Gold prices crossed US$1,890 an ounce for the first time, as a flight to save-haven assets continued. Brent crude, meanwhile, fell to near US$107 a barrel as Libyan rebels’ capture of most of Tripoli boosted hopes the OPEC nation’s oil exports could resume soon. After rallying earlier in the day, European stocks erased much of their gains in late trading. Britain’s FTSE 100 closed one per cent higher at 5,092.8, after having risen above 2 per cent. France’s CAC 40 gained 1.1 per cent to 3,051.3, but Germany’s DAX declined 0.1 per cent to 5,473.7.
Wall Street, which opened firmly higher, also weakened in noon trading, with the Dow Jones Industrial Average up just 0.2 per cent at 10,835 and the S&P 500 down 0.2 per cent at 1121.8. The indecisive mood in Europe and the US followed a jittery day of trading in Asia, where most markets closed in the red.
Throughout the week, investors will be looking with anticipation to a speech Friday by US Federal Reserve Chairman Ben Bernanke. The Fed pledged earlier this month to keep interest rates super-low through mid-2013, but the announcement failed to calm fears that the world’s largest economy may once again fall into recession. Investors hope Bernanke will announce, or at least preview, further steps to help the economy, including a third round of bond purchases known as quantitative easing, but analysts warned against overly high expectations.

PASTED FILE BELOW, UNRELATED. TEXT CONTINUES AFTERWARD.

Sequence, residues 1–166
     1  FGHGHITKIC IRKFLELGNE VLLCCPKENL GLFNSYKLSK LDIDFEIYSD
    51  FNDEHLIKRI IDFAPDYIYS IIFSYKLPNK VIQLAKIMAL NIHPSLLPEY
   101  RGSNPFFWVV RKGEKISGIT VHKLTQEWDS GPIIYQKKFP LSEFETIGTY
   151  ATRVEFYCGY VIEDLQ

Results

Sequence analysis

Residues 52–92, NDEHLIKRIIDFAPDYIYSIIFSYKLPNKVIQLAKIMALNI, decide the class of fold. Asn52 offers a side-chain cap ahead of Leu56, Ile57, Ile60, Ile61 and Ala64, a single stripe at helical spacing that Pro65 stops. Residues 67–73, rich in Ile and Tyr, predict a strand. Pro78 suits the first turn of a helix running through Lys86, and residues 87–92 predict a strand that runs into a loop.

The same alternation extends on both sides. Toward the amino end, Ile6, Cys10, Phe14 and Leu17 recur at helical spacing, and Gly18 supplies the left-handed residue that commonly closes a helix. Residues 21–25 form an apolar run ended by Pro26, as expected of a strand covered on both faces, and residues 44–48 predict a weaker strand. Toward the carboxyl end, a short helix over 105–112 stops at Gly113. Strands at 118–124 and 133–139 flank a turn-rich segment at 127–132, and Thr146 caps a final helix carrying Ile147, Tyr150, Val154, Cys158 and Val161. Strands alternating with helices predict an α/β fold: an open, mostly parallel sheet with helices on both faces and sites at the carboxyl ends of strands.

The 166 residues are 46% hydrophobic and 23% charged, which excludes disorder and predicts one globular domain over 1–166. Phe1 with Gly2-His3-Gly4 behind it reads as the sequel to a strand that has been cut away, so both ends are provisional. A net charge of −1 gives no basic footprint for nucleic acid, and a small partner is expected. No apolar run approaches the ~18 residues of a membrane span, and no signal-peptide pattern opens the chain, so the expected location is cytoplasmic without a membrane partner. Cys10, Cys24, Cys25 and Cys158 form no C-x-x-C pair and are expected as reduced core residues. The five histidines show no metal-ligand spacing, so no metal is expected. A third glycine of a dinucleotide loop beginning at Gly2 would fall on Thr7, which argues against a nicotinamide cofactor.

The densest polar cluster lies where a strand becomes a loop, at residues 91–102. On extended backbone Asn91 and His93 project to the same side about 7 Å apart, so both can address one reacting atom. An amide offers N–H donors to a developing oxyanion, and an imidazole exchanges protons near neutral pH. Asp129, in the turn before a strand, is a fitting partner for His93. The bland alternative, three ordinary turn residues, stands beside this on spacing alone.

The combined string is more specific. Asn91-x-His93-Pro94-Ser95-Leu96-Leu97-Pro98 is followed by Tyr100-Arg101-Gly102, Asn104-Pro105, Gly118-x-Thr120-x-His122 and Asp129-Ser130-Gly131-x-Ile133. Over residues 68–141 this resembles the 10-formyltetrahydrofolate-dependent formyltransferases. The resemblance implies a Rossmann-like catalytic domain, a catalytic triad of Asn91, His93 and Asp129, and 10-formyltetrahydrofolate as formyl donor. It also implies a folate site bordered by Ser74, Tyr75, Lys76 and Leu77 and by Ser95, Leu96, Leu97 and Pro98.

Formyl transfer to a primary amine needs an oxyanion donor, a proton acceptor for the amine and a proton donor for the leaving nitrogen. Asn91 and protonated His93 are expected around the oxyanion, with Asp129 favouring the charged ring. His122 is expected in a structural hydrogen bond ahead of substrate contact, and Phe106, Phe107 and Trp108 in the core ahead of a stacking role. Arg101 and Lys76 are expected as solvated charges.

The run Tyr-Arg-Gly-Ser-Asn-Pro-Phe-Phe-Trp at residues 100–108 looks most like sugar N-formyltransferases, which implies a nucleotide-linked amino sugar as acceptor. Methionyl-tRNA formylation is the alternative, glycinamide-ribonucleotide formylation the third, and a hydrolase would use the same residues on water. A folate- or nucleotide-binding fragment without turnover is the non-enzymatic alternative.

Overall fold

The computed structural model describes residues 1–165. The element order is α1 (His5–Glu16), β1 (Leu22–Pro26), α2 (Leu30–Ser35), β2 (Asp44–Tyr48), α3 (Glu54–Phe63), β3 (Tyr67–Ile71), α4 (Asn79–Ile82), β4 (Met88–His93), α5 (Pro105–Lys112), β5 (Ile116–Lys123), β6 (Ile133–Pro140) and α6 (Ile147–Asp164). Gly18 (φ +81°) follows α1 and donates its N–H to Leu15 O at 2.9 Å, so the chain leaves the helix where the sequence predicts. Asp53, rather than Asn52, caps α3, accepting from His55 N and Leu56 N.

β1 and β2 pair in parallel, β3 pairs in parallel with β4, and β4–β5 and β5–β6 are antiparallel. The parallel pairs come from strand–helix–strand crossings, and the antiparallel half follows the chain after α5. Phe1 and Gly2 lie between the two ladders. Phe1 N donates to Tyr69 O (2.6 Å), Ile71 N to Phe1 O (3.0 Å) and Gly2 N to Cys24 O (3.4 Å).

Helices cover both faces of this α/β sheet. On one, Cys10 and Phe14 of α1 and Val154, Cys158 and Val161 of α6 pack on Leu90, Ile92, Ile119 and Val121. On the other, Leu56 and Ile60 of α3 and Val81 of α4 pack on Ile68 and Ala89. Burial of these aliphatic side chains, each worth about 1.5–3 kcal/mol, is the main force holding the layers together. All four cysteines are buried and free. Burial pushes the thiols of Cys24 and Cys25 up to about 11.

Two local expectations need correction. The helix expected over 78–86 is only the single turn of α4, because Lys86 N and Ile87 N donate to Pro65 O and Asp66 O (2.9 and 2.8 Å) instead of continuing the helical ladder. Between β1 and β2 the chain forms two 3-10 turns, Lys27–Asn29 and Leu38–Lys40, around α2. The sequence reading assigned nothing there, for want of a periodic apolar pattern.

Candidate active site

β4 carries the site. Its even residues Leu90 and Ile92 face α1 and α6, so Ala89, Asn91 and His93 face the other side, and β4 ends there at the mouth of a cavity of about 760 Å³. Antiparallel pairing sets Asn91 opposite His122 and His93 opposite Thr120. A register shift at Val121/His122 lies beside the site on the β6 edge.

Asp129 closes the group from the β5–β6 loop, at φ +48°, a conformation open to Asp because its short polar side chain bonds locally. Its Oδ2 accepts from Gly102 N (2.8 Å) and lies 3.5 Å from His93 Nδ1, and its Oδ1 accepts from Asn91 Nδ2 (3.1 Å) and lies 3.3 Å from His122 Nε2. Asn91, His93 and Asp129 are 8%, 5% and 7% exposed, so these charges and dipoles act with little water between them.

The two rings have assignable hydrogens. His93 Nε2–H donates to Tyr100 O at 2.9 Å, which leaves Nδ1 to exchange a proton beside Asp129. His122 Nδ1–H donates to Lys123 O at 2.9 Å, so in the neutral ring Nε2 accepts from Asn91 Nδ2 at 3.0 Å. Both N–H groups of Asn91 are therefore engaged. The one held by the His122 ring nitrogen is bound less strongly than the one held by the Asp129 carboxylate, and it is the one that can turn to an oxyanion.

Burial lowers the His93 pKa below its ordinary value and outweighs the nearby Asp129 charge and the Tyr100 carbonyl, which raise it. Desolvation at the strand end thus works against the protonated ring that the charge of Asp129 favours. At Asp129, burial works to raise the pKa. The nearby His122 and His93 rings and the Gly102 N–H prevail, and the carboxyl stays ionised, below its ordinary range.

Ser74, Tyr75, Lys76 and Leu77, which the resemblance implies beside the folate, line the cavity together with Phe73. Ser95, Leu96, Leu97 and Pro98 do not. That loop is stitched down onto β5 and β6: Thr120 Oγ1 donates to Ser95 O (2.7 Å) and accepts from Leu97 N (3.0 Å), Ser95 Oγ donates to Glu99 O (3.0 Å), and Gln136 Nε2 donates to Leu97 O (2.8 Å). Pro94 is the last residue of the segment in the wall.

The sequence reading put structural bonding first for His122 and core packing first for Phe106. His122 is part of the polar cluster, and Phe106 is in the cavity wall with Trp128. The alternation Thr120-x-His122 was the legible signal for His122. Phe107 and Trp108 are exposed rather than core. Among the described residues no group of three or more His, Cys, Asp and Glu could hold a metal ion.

The European Central Bank yesterday confirmed that it was taking on a more active role in fighting the eurozone debt crisis, disclosing that it spent €14.29 billion on buying the bonds of struggling countries such as Italy and Spain last week. That’s below the €22 billion it doled out the previous week, but has kept the yields, or interest rates, on Italian and Spanish ten-year bonds below 5 per cent—more than a percentage point below record levels seen in the week before the ECB resumed its bond buying programme.